Validating and qualifying fatigue S-N data is critical in the design process. Factors that impact on the S-N curve qualification include tube size, welding process, number of weld passes, weld versus parent material performance, effect of mean stress, and effect of LCF seen in the manufacturing process.

An STU should be designed for a number of contingency scenarios during installation. These scenarios include retrieval and reinstallation as well as suspension of the installation procedure, both of which can add to the plastic strain experienced in the tube. Selecting the installation procedure, vertical lay system, or overboarding chute is also a critical design issue.

As well as achieving von Mises stress and fatigue life criterion, the integrity of the steel tubes must be considered. All possible failure modes, such as buckle propagation, pipe collapse, and pressure containment should be analyzed.

Low cycle, high strain

During the manufacture and installation of an STU, the steel tubes are subject to the curvatures of the manufacturing bobbins, the STU helical radius, the transport reels, and the installation chute. These curvatures induce elastic and plastic strain within the steel tubes. The key issues to be considered are accumulated plastic strain and LCF. The calculations associated with both of these phenomena are based upon the axial and bending strains experienced.

In dynamic STU applications, friction stresses occur in the STU as a result of the different tubes within the STU interacting with one another. Traditional in-place fatigue analyses techniques calculate the STU in-place fatigue damage based on the axial and bending stresses that occur in the steel tubes due to the dynamic motions of the STU. These stresses can be used to calculate the friction stresses within the STU that are then added to the original axial and bending stresses. A new fatigue life can be calculated using these increased values. Including friction stresses can significantly reduce the calculated fatigue life of an STU.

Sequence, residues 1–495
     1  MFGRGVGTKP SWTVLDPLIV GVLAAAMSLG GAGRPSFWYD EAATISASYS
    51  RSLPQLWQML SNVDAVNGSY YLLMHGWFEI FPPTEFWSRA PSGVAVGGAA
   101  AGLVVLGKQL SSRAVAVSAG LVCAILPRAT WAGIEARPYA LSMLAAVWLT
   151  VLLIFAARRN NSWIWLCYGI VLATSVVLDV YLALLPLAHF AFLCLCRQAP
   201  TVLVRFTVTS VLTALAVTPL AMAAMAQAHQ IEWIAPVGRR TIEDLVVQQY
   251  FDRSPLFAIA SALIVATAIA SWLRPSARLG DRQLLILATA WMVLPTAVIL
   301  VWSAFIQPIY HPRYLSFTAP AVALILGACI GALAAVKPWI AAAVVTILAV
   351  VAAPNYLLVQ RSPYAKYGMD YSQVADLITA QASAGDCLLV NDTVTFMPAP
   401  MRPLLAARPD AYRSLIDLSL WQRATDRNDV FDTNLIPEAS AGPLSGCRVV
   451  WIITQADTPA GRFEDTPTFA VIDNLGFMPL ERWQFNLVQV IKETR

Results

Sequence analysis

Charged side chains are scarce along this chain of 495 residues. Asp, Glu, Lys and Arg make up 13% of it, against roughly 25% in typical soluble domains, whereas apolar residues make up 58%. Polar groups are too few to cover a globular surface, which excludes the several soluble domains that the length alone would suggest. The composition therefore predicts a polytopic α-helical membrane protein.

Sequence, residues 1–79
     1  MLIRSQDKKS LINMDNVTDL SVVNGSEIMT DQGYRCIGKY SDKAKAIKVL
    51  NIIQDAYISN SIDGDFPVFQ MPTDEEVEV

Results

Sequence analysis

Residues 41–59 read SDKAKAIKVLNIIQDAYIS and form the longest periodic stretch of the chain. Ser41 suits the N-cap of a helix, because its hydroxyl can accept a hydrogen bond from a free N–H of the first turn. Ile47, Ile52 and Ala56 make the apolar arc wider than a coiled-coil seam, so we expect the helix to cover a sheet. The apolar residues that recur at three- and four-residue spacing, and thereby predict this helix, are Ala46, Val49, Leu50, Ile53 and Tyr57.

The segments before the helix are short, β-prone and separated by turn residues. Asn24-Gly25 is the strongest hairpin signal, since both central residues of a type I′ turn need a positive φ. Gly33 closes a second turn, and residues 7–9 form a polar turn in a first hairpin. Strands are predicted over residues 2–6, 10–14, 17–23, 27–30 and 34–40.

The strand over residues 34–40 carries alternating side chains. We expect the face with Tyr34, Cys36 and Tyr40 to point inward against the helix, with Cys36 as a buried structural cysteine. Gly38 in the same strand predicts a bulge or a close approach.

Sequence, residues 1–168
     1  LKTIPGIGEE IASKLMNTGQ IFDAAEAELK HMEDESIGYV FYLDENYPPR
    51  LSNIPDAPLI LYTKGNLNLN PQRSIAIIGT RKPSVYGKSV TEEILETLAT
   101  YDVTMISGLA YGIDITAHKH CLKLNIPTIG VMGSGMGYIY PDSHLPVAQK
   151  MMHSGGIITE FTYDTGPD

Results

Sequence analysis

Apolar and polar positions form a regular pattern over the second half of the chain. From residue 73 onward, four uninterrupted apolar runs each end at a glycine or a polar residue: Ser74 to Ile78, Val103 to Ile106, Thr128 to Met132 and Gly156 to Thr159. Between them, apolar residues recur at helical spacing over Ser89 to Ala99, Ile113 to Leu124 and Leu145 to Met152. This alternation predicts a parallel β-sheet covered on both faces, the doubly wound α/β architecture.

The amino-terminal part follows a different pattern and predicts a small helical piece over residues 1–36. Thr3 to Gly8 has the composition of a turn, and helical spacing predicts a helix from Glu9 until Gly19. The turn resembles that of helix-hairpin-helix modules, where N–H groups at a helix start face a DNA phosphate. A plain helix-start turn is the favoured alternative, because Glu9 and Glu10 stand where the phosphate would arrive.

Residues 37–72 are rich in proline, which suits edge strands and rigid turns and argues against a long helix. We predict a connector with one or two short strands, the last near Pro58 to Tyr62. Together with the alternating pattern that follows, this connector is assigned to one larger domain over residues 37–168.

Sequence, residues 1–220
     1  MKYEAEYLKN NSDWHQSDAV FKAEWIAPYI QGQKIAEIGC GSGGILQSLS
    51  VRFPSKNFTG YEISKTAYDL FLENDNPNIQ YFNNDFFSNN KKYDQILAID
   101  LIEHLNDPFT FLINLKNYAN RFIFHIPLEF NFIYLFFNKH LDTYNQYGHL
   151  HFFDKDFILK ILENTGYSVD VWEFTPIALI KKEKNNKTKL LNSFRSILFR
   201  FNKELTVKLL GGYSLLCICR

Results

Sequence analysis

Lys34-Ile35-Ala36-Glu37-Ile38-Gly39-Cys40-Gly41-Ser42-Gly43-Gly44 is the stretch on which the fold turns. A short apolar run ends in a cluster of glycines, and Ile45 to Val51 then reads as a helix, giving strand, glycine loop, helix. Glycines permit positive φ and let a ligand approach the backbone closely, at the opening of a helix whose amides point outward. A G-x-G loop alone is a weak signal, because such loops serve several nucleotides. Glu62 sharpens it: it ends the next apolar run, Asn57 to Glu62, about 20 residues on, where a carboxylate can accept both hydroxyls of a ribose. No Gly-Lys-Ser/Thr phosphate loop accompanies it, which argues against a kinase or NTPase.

STU friction stresses are largely dependent on the lay-up of the STUs, particularly the steel tube layer radius, the distance from the center of the umbilical to the neutral axis of the steel tube, and lay-angle. Analyses have shown that the smaller the lay angle and the larger the layer radius, the longer the fatigue life. Careful consideration has to be given to how many tubes are acting on one another and at what angle the contact forces are acting relative to the contact surfaces, all of which make the accurate modeling of friction within the STU a complicated procedure.

Including mean stress effects also reduces the STU fatigue lives. In a specimen where there is an alternating stress, the fatigue life is usually calculated based on the amplitude of the alternating stress. In an STU where large tensions exist, i.e., at the hang-off region, it can be argued that the fatigue life of a steel tube is not solely based on the tube stress amplitude but is also a function of the mean stress of the tube. Mean stress effects can be accounted for using a Goodman-Soderberg approach.

Recent analyses have shown that including the effect of both friction and mean stresses can in some cases increase the fatigue damage by up to 140-fold.

STUs represent a complex construction that is subject to significant loads in all stages from initial fabrication through installation to in-place operation. Detailed evaluations are required in the design and verification process, so as to ensure that qualified designs are achieved, particularly for deepwater dynamic applications.